Why is my holly dying?

Asked April 16, 2019, 4:03 PM EDT

We have a bank of large hollies in our backyard that provide a privacy screen. All were healthy last year. Over the winter, a disease spread through one of the hollies. All the leaves are yellow or very light green or gray, and they snap when folded. Many of the branches snap as well when put to the test. The entire bush is affected, and we assume it will have to be removed. The other hollies look generally OK, though in one I now see a bunch or two of yellowed leaves, and so I worry that the disease is spreading. This is also in the location of a gigantic oak tree that died back over the last several years, and was finally removed last summer due to the hazard it posed. Can you explain what's happening and what we can do to save our remaining hollies? We have four very large hollies, each about two or three stories tall, and they are very important to us. I've attached an overall photo of the diseased holly, a closeup of diseased leaves, and a closeup of a healthy holly nearby. Thanks you -- Jonathan B., Baltimore, Md.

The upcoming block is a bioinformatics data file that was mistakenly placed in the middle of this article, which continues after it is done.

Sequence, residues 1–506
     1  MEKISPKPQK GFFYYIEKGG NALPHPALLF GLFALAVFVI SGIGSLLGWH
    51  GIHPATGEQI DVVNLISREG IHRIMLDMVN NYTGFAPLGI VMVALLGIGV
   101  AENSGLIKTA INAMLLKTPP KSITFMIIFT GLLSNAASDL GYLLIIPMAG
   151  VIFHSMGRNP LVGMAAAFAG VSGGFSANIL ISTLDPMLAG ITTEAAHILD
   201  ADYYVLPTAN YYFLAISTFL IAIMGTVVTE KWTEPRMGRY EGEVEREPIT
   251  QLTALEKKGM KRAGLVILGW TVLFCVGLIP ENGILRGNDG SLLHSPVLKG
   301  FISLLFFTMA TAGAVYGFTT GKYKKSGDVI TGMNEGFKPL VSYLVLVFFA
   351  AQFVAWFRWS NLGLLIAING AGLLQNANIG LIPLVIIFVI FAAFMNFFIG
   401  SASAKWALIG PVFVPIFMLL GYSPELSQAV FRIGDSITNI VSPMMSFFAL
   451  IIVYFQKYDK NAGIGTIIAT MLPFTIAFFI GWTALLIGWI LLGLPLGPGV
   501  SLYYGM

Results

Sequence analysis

Baltimore Maryland

1 Response

Many trees and shrubs are succumbing to the record amount of rainfall we experienced last year. Too much rain can cause similar root problems as too little moisture.
This holly may be sitting in a lower area of your yard. Hollies can take moist soil but anything beyond that could potentially cause problems. Your photos do not show any indication that the holly has a disease or insect problem.

This is not related to the death of your oak tree. Oaks, in general, have been struggling over the past few years in Maryland most likely due to the change in our climate. When the trees become stressed they are more susceptible to insect pests like borers.